Vucak was indirectly mentioned in a May 2018 report by auditing firm Rajah & Tann already, commissioned by Wirecard because of incriminating statements from a Singapore whistleblower. The 'Emerging Markets Investment Fund 1A' (EMIF IA) based in Mauritius bought Indian-Asian former lottery company 'Hermes Tickets' in September 2015 for 37 million USD, founders Santiago Martin and Usman Fayaz were not only convicted for illegal business activities, but also had various business connections to Liberia. A few weeks later, at the end of October 2015, Wirecard officially announced it would acquire parent company 'GI Retail', mentioned in detail in the Zatarra report, for 230 million Euros in cash plus 110 million in earnouts. Another few months later, Wirecard formally acquired Hermes Tickets from EMIF for 340 million USD, GI Retail's most valuable business part. Financial Times journalist Dan McCrum and others accused Wirecard of so-called "round-tripping", Hermes minority shareholders filed criminal charges because they were paid out based on the 37 million deal with EMIF. Around the same time in November 2015, EMIF announced it had acquired a travel company from India called 'Orbit' for 180 million USD, in mid 2017 also '' for 50 million USD. Director at Goomo (Hindi for travel) at that time in 2017 was Aleksandar Vucak.

Vucak is now in charge of a company named 'Bionovate Technologies' with business address in Cham, Switzerland, where he was made Director, CEO, CFO, Secretary and Treasurer in 2020. He follows a number of previously replaced lawyers in the same position at Bionovate, including corporate lawyer and former San Diego, California prosecutor Marc Applbaum. Bionovate claims to have an office in China, shareholders located in the Virgin Islands, a former company president from Mexico, a former CEO from China as well as a strange previous business address in Israel. The until now financially low profile company came up with a COVID testing kit for Smartphones in 2021, which begs the question why so many elite intelligence circles were apparently involved in the Wirecard matter.

Marsalek also hired management consultancy company 'Gradus Proximus Advisory GmbH' from Vienna, Austria to prepare weekly reports on social media observations related to Wirecard. Thomas Zach, founder of Gradus Proximus and close aide of Austria's former Interior Minister Strasser, apparently also arranged for a contact to Israeli IT professional Avi Rosen. The encryption technology expert has close ties to Israeli secret services, Rosen and Marsalek apparently met on February 24, 2017 in the Bavarian capital, five days after Munich's Security Conference had ended there. According to emails, the two intended to setup a joint business venture:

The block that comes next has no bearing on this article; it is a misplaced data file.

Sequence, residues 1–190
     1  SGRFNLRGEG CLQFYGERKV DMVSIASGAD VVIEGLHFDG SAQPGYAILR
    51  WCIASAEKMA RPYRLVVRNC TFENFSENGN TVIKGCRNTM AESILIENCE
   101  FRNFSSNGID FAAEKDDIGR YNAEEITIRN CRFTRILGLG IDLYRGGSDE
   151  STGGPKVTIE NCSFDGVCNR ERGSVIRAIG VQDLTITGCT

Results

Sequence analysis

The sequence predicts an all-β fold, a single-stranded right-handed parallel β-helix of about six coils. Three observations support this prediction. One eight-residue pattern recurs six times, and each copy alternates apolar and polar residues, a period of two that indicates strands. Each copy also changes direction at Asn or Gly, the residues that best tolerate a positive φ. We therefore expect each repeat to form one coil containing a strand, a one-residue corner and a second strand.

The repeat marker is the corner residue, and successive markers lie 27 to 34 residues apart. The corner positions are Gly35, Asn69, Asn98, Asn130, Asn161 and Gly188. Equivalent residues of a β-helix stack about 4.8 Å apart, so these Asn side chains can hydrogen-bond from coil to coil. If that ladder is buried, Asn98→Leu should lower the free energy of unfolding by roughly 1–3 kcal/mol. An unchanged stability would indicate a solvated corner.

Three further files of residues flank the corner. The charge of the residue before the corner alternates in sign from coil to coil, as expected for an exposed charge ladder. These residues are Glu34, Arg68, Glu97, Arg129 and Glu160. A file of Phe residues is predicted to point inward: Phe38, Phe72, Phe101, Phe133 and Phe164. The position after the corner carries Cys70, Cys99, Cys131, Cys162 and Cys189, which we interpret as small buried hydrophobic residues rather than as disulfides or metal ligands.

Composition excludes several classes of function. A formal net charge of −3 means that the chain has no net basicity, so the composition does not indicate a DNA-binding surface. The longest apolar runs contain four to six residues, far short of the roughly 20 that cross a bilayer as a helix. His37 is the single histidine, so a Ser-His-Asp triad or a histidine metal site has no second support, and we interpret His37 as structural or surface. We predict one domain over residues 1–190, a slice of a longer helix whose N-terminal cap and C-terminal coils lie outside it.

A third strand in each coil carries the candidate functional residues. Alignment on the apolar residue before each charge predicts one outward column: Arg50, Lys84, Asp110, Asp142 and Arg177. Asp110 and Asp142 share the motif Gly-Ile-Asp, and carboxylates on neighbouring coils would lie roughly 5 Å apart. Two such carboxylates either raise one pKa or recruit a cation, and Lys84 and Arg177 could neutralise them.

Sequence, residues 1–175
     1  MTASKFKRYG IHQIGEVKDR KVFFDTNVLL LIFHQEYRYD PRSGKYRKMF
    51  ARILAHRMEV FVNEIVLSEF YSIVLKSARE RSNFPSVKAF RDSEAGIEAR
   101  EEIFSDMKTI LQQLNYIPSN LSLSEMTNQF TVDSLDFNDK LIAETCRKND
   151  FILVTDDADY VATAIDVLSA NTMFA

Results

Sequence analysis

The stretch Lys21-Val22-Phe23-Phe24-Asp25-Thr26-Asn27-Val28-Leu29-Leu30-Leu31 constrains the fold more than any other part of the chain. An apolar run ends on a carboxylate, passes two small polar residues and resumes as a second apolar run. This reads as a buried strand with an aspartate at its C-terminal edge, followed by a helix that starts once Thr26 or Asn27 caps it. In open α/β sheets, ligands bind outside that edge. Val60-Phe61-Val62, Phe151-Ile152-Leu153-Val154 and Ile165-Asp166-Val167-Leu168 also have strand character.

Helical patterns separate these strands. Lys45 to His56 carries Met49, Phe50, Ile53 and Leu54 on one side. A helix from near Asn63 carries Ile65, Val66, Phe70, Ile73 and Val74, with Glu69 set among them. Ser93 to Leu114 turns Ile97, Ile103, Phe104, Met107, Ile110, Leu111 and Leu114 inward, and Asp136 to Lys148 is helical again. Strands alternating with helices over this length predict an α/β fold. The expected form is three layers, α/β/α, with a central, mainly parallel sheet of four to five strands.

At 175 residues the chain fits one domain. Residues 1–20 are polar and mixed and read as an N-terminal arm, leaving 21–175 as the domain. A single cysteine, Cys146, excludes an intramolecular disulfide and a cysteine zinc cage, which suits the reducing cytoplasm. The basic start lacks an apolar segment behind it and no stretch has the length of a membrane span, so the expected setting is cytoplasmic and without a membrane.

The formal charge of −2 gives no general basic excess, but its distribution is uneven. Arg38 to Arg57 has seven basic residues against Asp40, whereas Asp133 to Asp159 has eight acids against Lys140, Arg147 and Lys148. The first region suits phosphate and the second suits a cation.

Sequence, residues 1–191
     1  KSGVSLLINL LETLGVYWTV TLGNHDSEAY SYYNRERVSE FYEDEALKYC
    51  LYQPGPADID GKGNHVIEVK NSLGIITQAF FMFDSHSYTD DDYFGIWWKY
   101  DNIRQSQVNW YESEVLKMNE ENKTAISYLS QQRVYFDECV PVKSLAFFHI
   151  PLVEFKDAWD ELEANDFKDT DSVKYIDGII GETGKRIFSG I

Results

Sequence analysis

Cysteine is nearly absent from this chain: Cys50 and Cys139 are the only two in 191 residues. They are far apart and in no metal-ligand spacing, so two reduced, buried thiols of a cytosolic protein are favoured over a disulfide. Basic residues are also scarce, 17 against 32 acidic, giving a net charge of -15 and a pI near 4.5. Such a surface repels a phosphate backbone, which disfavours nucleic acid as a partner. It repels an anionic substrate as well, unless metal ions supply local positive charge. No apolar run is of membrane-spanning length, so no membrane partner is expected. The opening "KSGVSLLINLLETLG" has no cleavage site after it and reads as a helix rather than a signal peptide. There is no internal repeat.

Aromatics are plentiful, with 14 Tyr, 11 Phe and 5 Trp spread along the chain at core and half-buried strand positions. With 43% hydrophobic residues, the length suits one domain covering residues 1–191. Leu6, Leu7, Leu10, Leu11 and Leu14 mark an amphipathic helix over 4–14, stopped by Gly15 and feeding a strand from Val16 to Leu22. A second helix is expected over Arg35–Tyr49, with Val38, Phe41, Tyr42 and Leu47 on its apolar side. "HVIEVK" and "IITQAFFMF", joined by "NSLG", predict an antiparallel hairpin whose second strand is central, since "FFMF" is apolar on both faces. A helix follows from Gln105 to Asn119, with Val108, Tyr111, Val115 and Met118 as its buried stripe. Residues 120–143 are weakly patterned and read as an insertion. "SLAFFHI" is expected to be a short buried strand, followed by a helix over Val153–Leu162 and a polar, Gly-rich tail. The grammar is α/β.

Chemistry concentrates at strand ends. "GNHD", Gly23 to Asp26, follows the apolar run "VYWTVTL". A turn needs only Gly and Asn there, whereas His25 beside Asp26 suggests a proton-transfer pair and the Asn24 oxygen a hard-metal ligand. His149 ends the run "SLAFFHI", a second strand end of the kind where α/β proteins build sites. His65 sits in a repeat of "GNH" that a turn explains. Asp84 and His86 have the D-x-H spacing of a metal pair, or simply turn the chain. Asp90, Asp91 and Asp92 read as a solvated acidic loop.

Marsalek and Rosen met for the first time in Munich at the end of 2016, and again in February 2017. E-mails proof that both times Thomas Zach was involved. For the second meeting on February 24, 2017, Zach had also prepared an agenda and sent it to both Rosen and Marsalek. “Shall we start at 9am and see how far we come until lunchtime ?“, he asked both in an email on February 13, 2017. As far it can be reconstructed, Marsalek and Rosen were considering to establish a business joint venture.

Article on dated Februar 6, 2021

Also interesting is that at Wirecard's annual shareholder meeting on June 19, 2019, exactly one year prior to the balance sheet katastrophe, Thomas Eichelmann was elected to Wirecard's supervisory board. Eichelmann previously had not only been CFO of Germany's Stock Exchange Corporation but also chairman of the supervisory board of Germany's construction giant Hochtief AG until September 2014, where Russian oligarch Oleg Deripaska made a big investment around 2007 in order to coordinate gigantic construction projects for the Russian 2014 winter olympics city Sochi. In addition, another Austrian became member of Wirecard's supervisory board from 2010 on: Stefan Klestil, whom Eichelmann certainly knew well from the EU-funded IT-investment company Speedinvest. There, Stefan Klestil is/was a full and Eichelmann a limited partner. Stefan Klestil, son of former and 2004 died Austrian Federal President Thomas, whose funeral was attended by Russian President Vladimir Putin, has a stepmother who, after the death of her 1998 married husband, was made Austrian Ambassador to Moscow from 2009 on, coincidentally also until 2014.